8. So, I don’t have an EZ Temper, but this seemed to be the best place to ask this since it’s the same process. I’m making silk in a sous vide bath. An EZ Temper is out of the question right now for me since I’m not a professional, and will not ever be one. If I were, it would definitely be a high priority item since I like the method of tempering, and the EZ temper way is such an easy way to do it with instant results. My failures with tempering has been not being patient with my stirring in of the grated solid “silk”. I’ll never have a chocolate business, so my emphasis is buying equipment to d
  9. What are people using for a wrap for bars. I’m new to this, and the one business I know that does bean to bar wraps in plastic sleeves, which I don’t want to do. I see foil wraps, and various paper lined wraps. I’m looking at Alufoil foil on 15# tissue. Is this a normal inner wrap for bars?
  10. This weekend I made my largest batch of chocolate so far. 2500 grams. A mix of nibs I had left over from other batches, but the predominant is from Fiji. A 56% milk chocolate which I tweaked my previous recipe on to make it a bit darker. The idea is to use it for shells for bonbons, but man it tastes pretty good on it’s own. I decided to practice decorating the bars for the first time. I’ve not done this before, so I piped some white chocolate I made last weekend into a couple of the molds, and this is the result. Definitely a learning experience because the other mold didn’t turn out so well.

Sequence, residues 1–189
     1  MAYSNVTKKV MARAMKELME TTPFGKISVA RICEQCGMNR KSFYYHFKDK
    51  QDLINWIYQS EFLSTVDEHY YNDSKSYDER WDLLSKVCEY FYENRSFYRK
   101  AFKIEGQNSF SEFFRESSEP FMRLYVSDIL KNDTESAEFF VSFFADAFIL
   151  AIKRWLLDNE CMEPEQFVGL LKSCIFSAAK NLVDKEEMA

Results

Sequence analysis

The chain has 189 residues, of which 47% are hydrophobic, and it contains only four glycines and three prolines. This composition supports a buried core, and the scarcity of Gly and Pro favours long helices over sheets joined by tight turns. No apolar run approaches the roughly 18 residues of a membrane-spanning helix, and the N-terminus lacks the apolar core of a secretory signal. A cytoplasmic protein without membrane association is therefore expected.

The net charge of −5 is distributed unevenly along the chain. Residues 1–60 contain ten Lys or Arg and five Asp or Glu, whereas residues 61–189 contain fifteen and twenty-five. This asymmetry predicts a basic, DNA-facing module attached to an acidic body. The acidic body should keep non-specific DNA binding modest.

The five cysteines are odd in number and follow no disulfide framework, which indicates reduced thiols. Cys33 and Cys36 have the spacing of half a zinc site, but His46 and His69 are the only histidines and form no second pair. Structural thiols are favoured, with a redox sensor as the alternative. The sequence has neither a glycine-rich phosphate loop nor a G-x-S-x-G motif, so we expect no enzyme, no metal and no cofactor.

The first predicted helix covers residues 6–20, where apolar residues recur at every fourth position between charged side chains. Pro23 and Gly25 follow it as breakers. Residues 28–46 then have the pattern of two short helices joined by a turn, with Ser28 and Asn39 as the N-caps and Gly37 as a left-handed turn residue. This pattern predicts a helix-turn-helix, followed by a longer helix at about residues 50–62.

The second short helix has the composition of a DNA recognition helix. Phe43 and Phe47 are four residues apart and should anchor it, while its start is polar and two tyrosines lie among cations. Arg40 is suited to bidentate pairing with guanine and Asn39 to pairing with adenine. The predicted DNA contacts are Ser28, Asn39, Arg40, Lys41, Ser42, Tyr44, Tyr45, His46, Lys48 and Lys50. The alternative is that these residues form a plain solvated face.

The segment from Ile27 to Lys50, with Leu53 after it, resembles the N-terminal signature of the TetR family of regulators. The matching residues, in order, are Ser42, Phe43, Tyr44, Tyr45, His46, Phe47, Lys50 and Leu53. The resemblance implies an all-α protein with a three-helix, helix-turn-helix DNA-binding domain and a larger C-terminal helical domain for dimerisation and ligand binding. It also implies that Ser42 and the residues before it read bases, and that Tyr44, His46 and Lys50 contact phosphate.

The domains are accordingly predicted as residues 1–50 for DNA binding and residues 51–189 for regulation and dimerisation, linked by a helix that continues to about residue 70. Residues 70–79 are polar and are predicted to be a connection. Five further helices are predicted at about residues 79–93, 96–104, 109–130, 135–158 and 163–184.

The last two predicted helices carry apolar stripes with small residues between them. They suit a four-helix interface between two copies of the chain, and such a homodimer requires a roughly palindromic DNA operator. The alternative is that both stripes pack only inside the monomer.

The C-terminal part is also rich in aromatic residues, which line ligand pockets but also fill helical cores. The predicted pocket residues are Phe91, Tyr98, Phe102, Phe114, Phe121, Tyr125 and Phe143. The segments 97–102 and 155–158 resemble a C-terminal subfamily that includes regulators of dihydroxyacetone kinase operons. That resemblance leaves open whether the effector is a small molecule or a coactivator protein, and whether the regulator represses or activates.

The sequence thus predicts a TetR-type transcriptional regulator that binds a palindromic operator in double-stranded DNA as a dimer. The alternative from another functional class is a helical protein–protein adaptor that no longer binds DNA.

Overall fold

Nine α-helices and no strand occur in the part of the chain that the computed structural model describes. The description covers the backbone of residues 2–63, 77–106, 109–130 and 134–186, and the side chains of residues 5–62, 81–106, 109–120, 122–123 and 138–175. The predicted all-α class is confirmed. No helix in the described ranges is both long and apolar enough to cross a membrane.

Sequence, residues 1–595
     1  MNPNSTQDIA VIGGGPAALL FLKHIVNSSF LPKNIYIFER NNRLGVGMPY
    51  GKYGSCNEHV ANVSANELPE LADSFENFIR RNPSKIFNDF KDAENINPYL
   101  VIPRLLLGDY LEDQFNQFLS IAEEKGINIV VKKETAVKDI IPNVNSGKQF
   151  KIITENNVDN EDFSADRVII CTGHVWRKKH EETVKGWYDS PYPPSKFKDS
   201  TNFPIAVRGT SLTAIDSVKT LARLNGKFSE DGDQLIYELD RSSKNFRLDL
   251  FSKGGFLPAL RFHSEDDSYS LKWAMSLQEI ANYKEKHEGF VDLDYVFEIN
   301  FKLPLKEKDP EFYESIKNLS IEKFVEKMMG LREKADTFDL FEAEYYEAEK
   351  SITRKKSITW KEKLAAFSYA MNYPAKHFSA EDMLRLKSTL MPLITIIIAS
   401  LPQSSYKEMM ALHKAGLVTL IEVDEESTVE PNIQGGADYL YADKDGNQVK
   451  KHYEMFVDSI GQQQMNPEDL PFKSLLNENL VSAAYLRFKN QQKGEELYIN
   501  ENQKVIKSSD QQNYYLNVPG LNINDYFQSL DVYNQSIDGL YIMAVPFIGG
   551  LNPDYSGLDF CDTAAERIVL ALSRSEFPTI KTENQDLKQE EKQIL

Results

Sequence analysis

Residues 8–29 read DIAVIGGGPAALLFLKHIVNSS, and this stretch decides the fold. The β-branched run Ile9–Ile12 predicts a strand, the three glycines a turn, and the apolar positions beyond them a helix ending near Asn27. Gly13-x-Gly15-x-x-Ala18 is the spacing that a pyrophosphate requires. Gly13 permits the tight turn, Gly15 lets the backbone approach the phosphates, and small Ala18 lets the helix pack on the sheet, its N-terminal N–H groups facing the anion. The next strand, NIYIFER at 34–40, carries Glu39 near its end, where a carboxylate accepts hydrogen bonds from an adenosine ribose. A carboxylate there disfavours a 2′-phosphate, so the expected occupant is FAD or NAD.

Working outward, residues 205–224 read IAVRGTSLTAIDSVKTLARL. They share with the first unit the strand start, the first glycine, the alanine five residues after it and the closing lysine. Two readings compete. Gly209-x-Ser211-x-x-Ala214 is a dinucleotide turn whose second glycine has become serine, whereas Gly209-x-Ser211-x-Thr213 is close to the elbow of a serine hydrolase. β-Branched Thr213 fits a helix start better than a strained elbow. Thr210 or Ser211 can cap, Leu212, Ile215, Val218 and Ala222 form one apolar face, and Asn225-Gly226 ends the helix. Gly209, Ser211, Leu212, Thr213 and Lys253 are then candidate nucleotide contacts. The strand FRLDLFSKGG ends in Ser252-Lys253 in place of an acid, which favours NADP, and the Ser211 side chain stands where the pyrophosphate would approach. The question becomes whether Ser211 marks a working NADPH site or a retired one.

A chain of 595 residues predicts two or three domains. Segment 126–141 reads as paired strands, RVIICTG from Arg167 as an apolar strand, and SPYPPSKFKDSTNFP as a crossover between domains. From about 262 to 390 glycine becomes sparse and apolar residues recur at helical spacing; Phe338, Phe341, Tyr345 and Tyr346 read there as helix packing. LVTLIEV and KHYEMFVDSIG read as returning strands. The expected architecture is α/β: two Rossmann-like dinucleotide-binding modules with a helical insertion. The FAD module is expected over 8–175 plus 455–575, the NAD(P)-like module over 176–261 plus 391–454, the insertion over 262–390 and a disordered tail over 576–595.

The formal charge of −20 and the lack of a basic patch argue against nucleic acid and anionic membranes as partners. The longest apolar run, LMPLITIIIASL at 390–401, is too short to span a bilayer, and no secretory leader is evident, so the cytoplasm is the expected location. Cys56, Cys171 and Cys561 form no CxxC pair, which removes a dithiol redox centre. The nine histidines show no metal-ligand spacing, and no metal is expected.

11. Those are all interesting answers. I realize it was a somewhat generic question, but my specific examples kind of shocked me. @teonzo I worked in California winemaking (winemaking and beer brewing were my formal education), and I am certainly aware of differing tastes between Europe and the USA 😉. A major part of winemaking is having a good idea of what a wine is going to do so you can get it where you want at bottling, so I was curious how chocolatiers looked it. So many different permutations to be aware of! @Jim D. My lavender flowers were freshly purchased from a local and rel
  12. That’s amazing! Is the frame edible too???
  13. I am very new to the world of chocolate. I do have goals, but I honestly don’t want to have a business. I’m old, and ready to retire, so I don’t want any of that stress. Mainly I’m about making chocolate from beans, but I’ve started making bonbons as an aside to use what I make. So here’s something interesting I’ve found. One of my early efforts was a lavender ganache made from Greweling’s recipe in his book. When I made it, the ganache punched me in the mouth with the lavender flavor. I got worried at the strength and lack of sweetness, and added a small layer of a soft caramel to the fillin
  14. So finally something I know a little bit about. I work in instrumentation and controls in a large food processing plant, well more in the information side of things now, but that’s my history. Yes, it’s definitely a good idea to drain your compressor on a regular basis. So one, yes it can cause rust in the tank and weaken it. If it gets weak enough, it will explode, though more likely it will tear and leak horribly, but explode is a good way to scare you into maintenance. And two, even if you have a filter and a separator (I’m sure no one really has a true drier here, but it’s possible) then t
  15. I am thinking I found the culprit, somewhat embarrassingly enough. When cleaning it the other day, I pulled off the grinding wheels, and was trying to clean inside the shaft area when I moved one of the bushings out. I didn’t realize they would come out so easily. Normally when I work with something pressed in like that it’s much tighter. Anyhow, I took them all out, and sure enough there was still some chocolate as well as water from washing. I will definitely be adding that step to my cleaning regimen. I’m somewhat obsessive with cleaning have worked in the wine and beer industries, and bein